Doaa Mohaisen | 23-10-2015
On her wedding day, 21-year-old Mayada El-Awawda received a message from Ken Imrie, chairman and founder of FundingLab; his Scottish charity was going to start raising money for her business project, a minimarket.
Mayada, who lives in block 8 of the Burij refugee camp, had recognized her neighborhood's dire need for a minimarket. A walk of 15-20 minutes was required to buy the most basic of necessities, and few of the residents own cars. So, she decided to open her own.
"It was his wedding present to me," Mayada says with a big smile and glowing eyes. Mayada was primarily raised by her mother, Um Abdullah, along with six other siblings. Her father is deaf and mute, and lost his job in Israel 10 years ago along with 2,000 other Palestinian workers who were dismissed for “security” reasons. Nonetheless, with the help of a Qatar-sponsored scholarship, Mayada has been able to earn a diploma in business and enroll in a bachelor’s degree program in English education at Islamic University of Gaza.
"I was invited to Mayada's wedding, which was unfortunately postponed as a result of the 2014 war and I have been unable to return to Gaza since," says Ken.
FundingLab, which launched last April, helps young people overcome barriers, develop confidence and belief in their own abilities, and achieve their potential by raising money for their promising projects.
"I met Ken in April 2013 when he led a delegation to Gaza. After meeting Ken, I emailed him expressing my interest in volunteering with YouthSchool [a FundingLab partner] Later on, I asked him if he could help me start my own project."
FundingLab is based on a crowdfunding model. In this scheme, young entrepreneurs who have been vetted and approved by FundingLab advertise and promote their business idea on the organization’s website. The budding entrepreneurs often offer rewards to backers to encourage them to give more money. Money is transferred directly to Palestine (or Pakistan, where FundingLab also operates) and there is no need to have a foreign bank account, unlike some crowdfunding sites such as Kickstarter and Indiegogo.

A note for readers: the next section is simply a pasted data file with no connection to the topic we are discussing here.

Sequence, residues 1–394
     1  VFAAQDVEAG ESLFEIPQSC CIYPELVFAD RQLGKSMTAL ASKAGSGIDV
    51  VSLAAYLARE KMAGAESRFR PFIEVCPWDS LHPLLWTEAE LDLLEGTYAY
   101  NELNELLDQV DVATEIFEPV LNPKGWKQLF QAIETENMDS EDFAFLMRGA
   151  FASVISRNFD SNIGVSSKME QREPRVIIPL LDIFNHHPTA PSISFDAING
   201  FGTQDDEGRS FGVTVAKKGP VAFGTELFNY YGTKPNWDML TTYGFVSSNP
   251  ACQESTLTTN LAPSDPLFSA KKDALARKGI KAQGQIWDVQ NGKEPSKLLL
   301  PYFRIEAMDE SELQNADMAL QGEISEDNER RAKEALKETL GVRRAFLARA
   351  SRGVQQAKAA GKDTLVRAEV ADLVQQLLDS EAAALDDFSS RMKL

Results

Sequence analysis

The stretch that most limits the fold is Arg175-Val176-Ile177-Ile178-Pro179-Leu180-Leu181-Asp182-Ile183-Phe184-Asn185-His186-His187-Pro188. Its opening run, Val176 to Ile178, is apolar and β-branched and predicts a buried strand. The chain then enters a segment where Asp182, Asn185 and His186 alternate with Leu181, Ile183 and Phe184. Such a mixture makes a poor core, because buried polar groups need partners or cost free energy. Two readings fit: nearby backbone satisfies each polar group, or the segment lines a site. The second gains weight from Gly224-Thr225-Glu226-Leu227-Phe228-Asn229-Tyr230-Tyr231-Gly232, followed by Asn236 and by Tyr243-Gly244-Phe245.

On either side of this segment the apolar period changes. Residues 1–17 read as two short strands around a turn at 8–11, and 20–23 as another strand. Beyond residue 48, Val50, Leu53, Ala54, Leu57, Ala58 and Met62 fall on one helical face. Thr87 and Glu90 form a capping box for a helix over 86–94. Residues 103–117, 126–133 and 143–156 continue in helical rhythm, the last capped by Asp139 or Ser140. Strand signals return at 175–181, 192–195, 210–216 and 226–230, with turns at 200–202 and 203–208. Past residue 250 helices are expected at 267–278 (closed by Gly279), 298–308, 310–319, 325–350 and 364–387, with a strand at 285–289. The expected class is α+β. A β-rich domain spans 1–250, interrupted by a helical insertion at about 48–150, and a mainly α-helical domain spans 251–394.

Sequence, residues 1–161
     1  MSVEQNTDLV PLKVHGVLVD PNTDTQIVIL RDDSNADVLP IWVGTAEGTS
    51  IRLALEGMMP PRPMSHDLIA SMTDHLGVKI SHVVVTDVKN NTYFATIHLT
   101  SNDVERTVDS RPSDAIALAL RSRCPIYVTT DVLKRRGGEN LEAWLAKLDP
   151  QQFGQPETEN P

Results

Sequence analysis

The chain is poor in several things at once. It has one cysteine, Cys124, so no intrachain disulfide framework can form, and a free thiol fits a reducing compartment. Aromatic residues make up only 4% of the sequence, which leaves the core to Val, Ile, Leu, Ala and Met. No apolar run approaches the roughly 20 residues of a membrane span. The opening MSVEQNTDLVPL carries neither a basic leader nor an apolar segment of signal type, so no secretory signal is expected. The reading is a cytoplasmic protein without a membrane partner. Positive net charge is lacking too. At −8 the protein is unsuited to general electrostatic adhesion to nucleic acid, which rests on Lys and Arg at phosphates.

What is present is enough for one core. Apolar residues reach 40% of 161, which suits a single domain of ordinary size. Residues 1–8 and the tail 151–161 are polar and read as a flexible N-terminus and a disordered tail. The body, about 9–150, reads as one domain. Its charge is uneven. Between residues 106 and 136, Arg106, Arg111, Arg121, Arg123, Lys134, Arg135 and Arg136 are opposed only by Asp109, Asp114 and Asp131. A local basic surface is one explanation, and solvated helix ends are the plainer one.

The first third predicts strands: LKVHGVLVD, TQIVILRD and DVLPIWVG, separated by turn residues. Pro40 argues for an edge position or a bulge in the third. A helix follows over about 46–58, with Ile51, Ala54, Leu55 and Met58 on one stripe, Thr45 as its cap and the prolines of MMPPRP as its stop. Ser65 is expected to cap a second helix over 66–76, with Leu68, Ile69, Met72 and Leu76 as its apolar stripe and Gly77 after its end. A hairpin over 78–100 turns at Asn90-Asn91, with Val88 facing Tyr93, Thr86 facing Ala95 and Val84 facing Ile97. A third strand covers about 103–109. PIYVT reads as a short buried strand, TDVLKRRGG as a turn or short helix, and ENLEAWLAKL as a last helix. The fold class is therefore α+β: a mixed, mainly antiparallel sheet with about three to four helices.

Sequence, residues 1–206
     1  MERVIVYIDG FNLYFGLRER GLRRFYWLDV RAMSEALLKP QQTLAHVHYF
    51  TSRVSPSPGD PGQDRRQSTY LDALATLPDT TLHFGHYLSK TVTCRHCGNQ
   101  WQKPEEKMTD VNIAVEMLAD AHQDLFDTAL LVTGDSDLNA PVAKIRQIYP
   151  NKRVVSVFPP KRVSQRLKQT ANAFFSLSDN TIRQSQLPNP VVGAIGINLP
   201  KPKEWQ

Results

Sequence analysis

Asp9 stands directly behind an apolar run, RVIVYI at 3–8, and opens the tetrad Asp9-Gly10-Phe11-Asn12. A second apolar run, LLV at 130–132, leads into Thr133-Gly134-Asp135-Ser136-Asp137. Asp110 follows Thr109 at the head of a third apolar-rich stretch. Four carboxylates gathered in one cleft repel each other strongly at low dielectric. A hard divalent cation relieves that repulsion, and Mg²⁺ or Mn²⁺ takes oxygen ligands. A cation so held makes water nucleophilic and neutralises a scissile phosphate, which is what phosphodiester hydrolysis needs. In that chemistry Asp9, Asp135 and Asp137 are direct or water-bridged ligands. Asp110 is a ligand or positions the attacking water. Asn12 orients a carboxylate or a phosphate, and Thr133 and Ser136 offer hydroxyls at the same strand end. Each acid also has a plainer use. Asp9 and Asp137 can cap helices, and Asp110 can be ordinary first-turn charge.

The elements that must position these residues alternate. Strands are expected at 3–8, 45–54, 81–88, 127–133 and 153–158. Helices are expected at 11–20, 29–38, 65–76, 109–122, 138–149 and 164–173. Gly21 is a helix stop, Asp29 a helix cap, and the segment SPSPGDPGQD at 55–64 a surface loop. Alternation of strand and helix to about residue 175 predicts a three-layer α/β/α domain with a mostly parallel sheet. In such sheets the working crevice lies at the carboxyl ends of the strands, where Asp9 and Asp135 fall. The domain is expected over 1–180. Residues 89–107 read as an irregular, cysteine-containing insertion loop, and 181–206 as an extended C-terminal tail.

The beauty of crowdfunding is that it enables many people to get involved in projects regardless of their own personal wealth/income, so it helps to popularize the act of giving money to help transform lives through the creation of sustainable livelihoods.
After reviewing Mayada’s business idea, Ken agreed to promote her business on FundingLab and the campaign was a success, raising $4,040.
Mayada turned a room in her house into a minimarket, buying shelves and a stock of basic groceries. Abdullah, Mayada's older brother, had studied medical records administration but—like the majority of youths in Gaza, where their rate of unemployment is more than 70 percent—he couldn't find a job. Instead, he helped Mayada manage the minimarket when she later moved to Gaza City with her new husband.
Mayada said the biggest challenge she has faced is credit. People, especially relatives, often promise to pay later when they buy goods, but then don’t, which puts the market in crisis. Fortunately, however, the business has managed to survive.
Jasmin and her dairy farm
FundingLab also has helped Jasmin El-Awawda, Mayada's cousin, start her own project, a dairy farm. During the 2012 Israeli assault on Gaza, Jasmin's father lost his farm and with it his five cows. FundingLab helped Jasmin buy her first cow. "Her name is Moza [banana]," Jasmin says.
With Moza's milk, Jasmin now earns the equivalent of about US$50 a week. She plans to grow her project by buying another cow and from the earnings buy chickens and goats and "perhaps start selling our milk to milk factories," she says.
"Ultimately, I supported both girls because I felt they were passionate about their business ideas and they had the necessary skills, talent and determination to succeed," Ken explains. In fact, FundingLab is interested in supporting more projects in Gaza, where the economy has been crippled by regular attacks and the eight-year Israeli blockade. For the next year or so, its focus will remain on youth entrepreneurship.
"Our approach is one of creating a family of FundingLab businesses that can share their success and experience, both with each other and of course the people who had faith and backed them in the first place,” Ken explains.
He adds that his organization also is developing ways to follow projects after they’ve been funded. “We are keen to exploit ways to do this using mobile/video technology,” he says. “For the donor, being able to receive feedback directly from the man/woman who benefited from his or her donation will be a powerful experience."
In fact, with the help of FundingLab and other enterprises, many Gazan youth have started their own businesses, and thus challenging the siege and occupation. But Ken hasn’t just helped Mayada and Jasmin start their businesses; he’s also built strong personal relationships with both of them. “I’m so close to the two girls,” he says.
In Gaza, youth living in this ravaged, war-torn zone are opening their arms wide to those willing to finance their first small baby steps toward independence, while also forming relationships that provide a glimpse of the “warm” side of the Strip, creative and vital.
Mentor: Juliana Farha
Posted October 22, 2015